First impressions are everything. How you look and how you present yourself can determine how you are perceived. The same goes for our design work. The impression that our work gives depends on a myriad of different factors. One of the most important factors of any design is color. Color reflects the mood of a design and can invoke emotions, feelings, and even memories. If you haven’t gone back to the basics of color theory lately, you might find some insights that you’ve overlooked.
Figuring out which colors work well with others isn’t just a matter of chance. There is actually a science behind which colors work well together. Different color combinations fit into different categories, and can be broken down easily. Let’s start with the absolute basics and move on to more advanced color combinations.
Colors start out with the basis of all colors, called the Primary Colors. These are red, yellow, and blue. If we are talking about screen colors, such as for web devices and monitors, red green, and blue (RGB) are the basic colors which make up all colors found on screen devices.
If you evenly mix red and yellow, yellow and blue, and blue and red, you create the secondary colors, which are green, orange and violet. Combining these colors in projects can make for a lot of contrast.
Tertiary colors are made when you take the secondary colors and mix them with the primary colors. These are red-violet, blue-violet, blue-green, yellow-green, red-orange, and yellow-orange.
So, now that you know how colors are made, you can understand how the color combinations on the color wheel model work. Understanding the principles of color combinations will help you to choose combinations that work well together, set the right mood, and create the right amount of contrast within your design work. Next are the basic color combinations derived from the color wheel.
Complimentary colors are colors that are opposite each other on the color wheel. Examples would be blue and orange, red and green, Yellow and purple, etc. Complementary color schemes create a high amount of contrast, but can create a lot of visual vibration when they are used at full saturation.
Analogous colors are colors that are next to each other on the color wheel. It is a good idea to choose a set of analogous colors that create a sense of variety. A good example would be blue-green, blue, and blue-violet or yellow-green, yellow, and yellow-orange.
A triad of colors is a set of colors that are evenly spaced around the color wheel. A triad has a nice variety of colors, but is also well balanced. In the examples above, blue-violet and yellow-green create a lot of contrast.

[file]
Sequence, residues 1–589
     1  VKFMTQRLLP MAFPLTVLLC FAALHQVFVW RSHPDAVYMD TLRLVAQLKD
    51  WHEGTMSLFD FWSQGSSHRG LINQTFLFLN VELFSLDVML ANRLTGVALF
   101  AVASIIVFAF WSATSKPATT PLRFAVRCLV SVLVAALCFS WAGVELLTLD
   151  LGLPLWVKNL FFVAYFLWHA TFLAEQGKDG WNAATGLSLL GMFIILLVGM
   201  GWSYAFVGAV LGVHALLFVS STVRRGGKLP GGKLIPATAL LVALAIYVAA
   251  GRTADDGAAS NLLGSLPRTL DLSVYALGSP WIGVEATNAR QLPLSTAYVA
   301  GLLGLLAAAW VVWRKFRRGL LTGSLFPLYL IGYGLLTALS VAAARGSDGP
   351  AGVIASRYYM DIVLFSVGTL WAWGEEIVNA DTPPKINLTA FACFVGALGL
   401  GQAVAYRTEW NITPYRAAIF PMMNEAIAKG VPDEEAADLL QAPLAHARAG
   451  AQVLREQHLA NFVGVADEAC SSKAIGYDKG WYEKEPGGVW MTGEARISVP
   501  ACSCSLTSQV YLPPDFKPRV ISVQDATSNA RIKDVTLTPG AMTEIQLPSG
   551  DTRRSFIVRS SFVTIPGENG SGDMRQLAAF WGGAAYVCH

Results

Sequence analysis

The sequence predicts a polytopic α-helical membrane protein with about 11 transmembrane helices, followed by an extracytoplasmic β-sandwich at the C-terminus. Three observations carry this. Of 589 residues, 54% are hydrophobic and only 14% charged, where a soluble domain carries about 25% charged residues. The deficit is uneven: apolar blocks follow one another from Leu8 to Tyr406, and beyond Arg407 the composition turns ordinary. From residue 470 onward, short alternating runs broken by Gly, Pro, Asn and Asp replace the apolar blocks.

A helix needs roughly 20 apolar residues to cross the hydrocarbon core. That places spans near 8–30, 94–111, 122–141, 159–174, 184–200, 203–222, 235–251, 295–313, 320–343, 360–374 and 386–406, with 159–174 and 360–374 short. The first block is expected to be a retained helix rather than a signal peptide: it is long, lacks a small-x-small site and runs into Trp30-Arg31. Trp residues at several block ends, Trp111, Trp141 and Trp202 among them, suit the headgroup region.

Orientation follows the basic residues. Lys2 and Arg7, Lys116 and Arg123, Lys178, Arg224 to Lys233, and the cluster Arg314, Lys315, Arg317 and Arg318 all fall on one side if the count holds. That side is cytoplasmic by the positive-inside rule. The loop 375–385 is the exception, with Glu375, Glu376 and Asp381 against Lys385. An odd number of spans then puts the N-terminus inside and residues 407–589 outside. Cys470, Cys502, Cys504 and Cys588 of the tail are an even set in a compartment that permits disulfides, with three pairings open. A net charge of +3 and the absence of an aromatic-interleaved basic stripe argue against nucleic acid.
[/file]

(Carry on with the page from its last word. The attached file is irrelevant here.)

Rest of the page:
Split Complimentary Colors
Split complimentary colors take a color and — instead of choosing the color directly across from it on the color wheel — it takes the two on either side of it. In the example above, we chose yellow. The opposite color on the color wheel is purple, but instead we choose blue-violet and red-violet, which creates a lot of contrast and make for some highly cooperative colors.
The square color model takes four colors evenly spaced around the color wheel. In the example above, the colors are blue, orange, red-violet, and yellow-green. This color scheme is really nice and would work well with one strong color and muted versions of the other colors.
Tetradic color schemes are built by creating a rectangle on the color wheel. Select two opposites on the color wheel and then select another color two spaces over and its compliment across the color wheel.
Tints and Shades
A tint of a color is when you take a color, such as blue in the example above, and add white to it. A shade is a hue that has black added to it. You can create a monochromatic color scheme buy using tints and shades of the same hue.
Warm colors create a sense of warmth and heat in an image or a design. When you see warm colors, you think of the sun, heat, fire, and love (passion). Red is the color of blood, which is warm, and orange and yellow go along with summer. Adding an orange photo filter to an image instantly makes it look warmer and happier.
Cool colors carry connotations of cool climates, winter, death, sadness, ice, night, and water. Cool colors can be associated with calmness, tranquility, trust, cleanliness. Purple is associated with royalty, because they are supposed to be reserved.